Billings School Hosts 'FUN-raiser'
The word “fundraiser” often conjures up a variety of reactions. However, whatever the reaction, there is one fact that cannot be denied. For many Seventh-day Adventist schools, especially small ones, fundraisers are an essential component in helping to keep the schools running or providing scholarship assistance to students in need.
A popular fundraiser in many areas is a dessert auction. Homemade delicacies are sold for exorbitant prices to excited bidders wanting to support their school and enjoy a baked treat.
Central Acres Christian School in Billings, Mont., recently completed their annual dessert auction. Autumn Paskell, prinicpal, was overwhelmed with gratitude at the generous outcome from the evening and wanted the emphasis to go to the generous God we serve. The amount earned this year was a record. Paskell stated, "This was a great opportunity for a fun outreach with the community … and the school was greatly blessed in the process.”
This annual event is held on the Sunday evening before Thanksgiving so the baked goods can be used during the holiday’s festivities. However, many of the items do not reach the intended destination and are consumed before leaving the building. Even Paskell baked some loaves of specialty bread that were sold hot out of the oven and immediately sliced. As a former home economics instructor, Paskell enjoys baking for the auction.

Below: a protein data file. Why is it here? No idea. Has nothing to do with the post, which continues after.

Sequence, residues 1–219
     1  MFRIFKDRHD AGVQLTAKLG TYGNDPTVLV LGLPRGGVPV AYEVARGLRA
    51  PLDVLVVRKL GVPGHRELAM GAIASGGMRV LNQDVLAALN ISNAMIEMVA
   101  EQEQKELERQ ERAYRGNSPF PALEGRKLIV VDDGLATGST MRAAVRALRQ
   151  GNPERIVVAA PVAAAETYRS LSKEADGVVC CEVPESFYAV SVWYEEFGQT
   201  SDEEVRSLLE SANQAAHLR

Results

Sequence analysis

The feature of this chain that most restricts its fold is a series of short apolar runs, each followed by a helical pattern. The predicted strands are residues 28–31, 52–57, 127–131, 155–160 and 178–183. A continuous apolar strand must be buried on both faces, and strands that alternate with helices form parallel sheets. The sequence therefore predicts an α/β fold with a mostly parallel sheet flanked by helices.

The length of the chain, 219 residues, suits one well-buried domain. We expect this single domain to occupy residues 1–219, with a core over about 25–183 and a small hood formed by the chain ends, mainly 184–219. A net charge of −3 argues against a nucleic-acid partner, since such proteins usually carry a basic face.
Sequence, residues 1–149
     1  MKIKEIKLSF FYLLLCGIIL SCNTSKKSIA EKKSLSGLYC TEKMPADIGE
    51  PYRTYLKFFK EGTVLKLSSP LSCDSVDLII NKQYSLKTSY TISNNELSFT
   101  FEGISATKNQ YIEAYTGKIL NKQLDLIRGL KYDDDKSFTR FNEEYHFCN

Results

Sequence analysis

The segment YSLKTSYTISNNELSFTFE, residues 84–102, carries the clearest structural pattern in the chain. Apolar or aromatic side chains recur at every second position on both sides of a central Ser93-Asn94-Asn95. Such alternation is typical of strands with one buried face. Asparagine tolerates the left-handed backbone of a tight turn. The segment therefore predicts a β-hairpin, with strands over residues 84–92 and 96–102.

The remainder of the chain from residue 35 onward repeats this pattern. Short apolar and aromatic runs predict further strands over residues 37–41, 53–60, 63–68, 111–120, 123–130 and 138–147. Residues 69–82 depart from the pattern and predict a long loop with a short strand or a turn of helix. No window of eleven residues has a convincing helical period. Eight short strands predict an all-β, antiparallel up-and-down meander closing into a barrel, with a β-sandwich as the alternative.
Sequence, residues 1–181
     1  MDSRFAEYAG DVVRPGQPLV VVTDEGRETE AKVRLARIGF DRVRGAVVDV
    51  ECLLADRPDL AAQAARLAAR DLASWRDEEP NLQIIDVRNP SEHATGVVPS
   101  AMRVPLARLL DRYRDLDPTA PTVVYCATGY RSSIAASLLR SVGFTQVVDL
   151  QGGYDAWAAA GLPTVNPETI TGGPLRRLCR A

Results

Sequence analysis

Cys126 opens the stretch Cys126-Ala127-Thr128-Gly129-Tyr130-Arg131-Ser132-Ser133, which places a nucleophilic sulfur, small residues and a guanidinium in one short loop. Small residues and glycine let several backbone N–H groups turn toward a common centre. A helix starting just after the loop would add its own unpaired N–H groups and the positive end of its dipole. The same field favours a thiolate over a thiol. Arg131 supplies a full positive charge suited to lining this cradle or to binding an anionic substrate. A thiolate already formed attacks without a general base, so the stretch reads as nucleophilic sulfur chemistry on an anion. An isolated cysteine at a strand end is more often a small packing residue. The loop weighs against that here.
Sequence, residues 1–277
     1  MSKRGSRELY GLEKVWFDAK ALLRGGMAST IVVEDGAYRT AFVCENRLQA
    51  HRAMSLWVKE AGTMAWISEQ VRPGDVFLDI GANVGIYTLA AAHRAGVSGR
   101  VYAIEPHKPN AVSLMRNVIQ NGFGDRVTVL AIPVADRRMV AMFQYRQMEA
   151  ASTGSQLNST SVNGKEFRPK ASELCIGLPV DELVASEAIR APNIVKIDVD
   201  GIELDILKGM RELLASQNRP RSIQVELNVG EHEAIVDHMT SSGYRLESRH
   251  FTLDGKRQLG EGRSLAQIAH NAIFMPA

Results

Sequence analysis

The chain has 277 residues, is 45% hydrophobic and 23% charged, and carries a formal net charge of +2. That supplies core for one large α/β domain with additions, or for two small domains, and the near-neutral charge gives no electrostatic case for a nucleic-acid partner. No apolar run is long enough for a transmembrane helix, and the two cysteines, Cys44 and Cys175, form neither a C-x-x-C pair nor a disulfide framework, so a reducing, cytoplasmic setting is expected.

The auction evening starts with a free supper, followed by an invigorating auction. This year, attendees enjoyed a baked potato bar, with all the ingredients being donated items, which produced a 100 percent profit evening. Paskell and her crew of helpers, including her husband and board members, worked tirelessly in the kitchen to provide the filling meal.
Paskell stated that the school’s auction typically offers more to buy than just baked goodies. There have been donated art work items as well as donated “treasures from senior citizens.” These senior citizens would rather their treasurers benefit the school than collecting dust on a shelf. An added benefit Paskell has observed is how her students’ perspective has changed when they observe the seniors bringing in their donations. “Especially touching,” she added, “… [is] at least three surviving spouses have chosen to donate items that belonged to their deceased loved one.”
Though the bidding on auction night may mimic a battle scene at times, one gentleman who had outbid a lady in the room on a loaf of bread was seen later gifting it to her.
Always the teacher, Paskell says she uses this event to further her students’ language arts skills. Her students write thoughtful thank you notes, which attendees appreciate.
The dessert auction in Billings has proved to be more than simply a fundraiser. It is an event that builds community, inspires giving, increases faith and provides a chance for the younger generation to be involved, all while giving support to the school, teacher and students. A better term for the event would be “FUN-raiser.”